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“Girl” Science

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I love xkcd!

How to get girls into science. Let’s see…

  • Make sure girls know that they’re different: check.
  • Make them feel like there must be a division from boys for a reason: check.
  • Only give them simple experiments that work 100% of the time, so that when they get to classroom situations (or real situations) that don’t, they’ll have unrealistic and demoralizing expectations: check.
  • And make sure their equipment is dumbed down (and pink!) so that girls will understand it: check.
  • Give them things to work on at home to “boost their logical skills”, like cooking and memorizing lists: check.
  • No, wait, let’s not really give them science: check.
  • And give them only truly exceptional role models as superheroes, so that they’ll feel inadequate unless they achieve Nobel-prize status: check.

Perfume and soap classes drive me nuts. They’re fine as classes, and there’s a lot of science behind cosmetics, but don’t bill them as science when the class consists of stirring random stuff together with no thought process as to why it turns out the way it does. Throw in a lab notebook of some sort, and I’ll be placated.

What’s wrong with encouraging everyone in science? Why the need to recruit boys and girls separately? Is there a reason to separate (i.e., make distinctions and put kids in gender-based groups) the sexes, especially at younger ages? There’s now evidence that if girls want to do science, they do it really well. I like to think that there’s no longer doubt (at least in most first-world countries) about whether girls can or should do science. But there still seems to be a lot of doubt about whether girls want to do science. I like this blog quite a bit (new experiments once or twice a week!), but why it’s billed as “for girls” doesn’t make any sense to me (although, they do only simple things and are mostly foolproof and have few suggestions for further study, to make it more, ya know, science-like instead of following directions).

As I’m not the most eloquent person in prose (but just read my lab reports!), here’s Zombie Marie Curie via xkcd to explain how just working on something will make you great.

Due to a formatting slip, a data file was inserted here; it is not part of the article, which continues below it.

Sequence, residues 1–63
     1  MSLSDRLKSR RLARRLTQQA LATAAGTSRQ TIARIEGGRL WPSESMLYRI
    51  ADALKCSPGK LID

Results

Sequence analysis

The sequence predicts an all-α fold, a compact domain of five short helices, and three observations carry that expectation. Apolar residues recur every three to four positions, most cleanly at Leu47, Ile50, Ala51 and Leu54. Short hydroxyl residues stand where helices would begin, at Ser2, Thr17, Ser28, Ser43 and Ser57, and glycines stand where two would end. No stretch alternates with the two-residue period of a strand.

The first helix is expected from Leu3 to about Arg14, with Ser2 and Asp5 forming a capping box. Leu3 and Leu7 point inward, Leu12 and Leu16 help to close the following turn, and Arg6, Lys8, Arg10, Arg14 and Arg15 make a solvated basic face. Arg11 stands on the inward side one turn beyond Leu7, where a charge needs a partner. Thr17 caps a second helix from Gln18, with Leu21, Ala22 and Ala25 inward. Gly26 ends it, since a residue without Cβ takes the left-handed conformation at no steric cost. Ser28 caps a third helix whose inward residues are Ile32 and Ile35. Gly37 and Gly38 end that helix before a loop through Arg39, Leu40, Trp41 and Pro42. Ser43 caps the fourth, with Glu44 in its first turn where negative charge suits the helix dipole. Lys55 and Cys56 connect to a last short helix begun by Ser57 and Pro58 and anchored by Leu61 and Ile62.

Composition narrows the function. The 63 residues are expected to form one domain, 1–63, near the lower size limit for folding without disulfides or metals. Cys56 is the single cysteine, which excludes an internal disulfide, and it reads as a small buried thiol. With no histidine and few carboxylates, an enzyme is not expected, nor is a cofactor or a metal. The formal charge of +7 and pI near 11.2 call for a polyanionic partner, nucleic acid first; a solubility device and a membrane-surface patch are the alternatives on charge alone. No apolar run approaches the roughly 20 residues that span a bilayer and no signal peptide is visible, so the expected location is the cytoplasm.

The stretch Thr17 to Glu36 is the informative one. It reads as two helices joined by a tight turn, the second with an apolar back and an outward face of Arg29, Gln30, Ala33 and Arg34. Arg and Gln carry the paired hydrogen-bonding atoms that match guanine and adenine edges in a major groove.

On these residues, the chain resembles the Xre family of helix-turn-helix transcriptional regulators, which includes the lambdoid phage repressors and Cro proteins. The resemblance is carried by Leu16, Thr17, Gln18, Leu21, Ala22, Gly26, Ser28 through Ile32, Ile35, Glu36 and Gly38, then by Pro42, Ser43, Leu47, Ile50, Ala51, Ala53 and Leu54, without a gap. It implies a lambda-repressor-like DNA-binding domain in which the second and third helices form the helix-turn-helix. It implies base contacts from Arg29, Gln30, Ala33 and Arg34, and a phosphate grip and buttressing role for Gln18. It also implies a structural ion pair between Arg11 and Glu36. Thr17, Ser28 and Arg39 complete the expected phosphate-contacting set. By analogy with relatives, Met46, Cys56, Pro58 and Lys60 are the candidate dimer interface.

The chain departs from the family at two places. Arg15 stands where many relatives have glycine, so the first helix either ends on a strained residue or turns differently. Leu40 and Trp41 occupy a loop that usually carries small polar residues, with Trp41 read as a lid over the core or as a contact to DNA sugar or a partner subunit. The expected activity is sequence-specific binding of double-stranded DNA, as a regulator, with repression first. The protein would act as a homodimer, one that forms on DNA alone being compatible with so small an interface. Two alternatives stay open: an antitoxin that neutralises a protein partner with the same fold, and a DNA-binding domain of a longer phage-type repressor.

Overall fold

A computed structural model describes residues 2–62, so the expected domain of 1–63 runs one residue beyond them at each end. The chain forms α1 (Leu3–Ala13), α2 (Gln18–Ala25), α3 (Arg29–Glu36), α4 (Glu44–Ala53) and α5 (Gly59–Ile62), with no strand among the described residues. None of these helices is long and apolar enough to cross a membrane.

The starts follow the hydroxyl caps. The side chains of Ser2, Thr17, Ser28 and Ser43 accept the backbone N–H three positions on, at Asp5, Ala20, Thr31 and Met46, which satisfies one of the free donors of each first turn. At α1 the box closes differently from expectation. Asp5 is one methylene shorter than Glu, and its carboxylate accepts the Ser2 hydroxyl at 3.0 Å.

I mean, I’m female and in science. My story is this: I was in school, minding my own business, when, out of the blue, a spectacular female rockstar scientist appeared and said, “YOU should do SCIENCE!” and I was inspired and I went and got through school, pushed my way through the male-dominated big, bad world and did science!

xkcd rocks!

But that’s not my story.

I had very little science in elementary school, like a lot of elementary schools. Teachers of young kids are just scared of somehow doing science wrong (and really afraid of math). I had strange science teachers in middle school for biology, earth science, and physical science (all male). I had a terrible bio teacher (female), a fantastic chemistry teacher (female), and a great and terrifying physics teacher (male) in high school. Most of the math teachers were male. In college, half of the chemistry department was female. Most of the math department was male, and the female teacher and I didn’t get along very well. The teachers I worked with most closely were female, but I didn’t consciously decide on female teachers… they also happened to be the younger and more in-touch people. I don’t know that I saw a science-female-role-model and thought, “gee, now I think it’s possible!” but I also don’t think I was ever discouraged in sciences.

So how do we, as a society, encourage girls and boys to go into science? AND, if they’re not interested, that’s okay! I’d rather have really enthusiastic people in the field they love than half-hearted drones working on paychecks.


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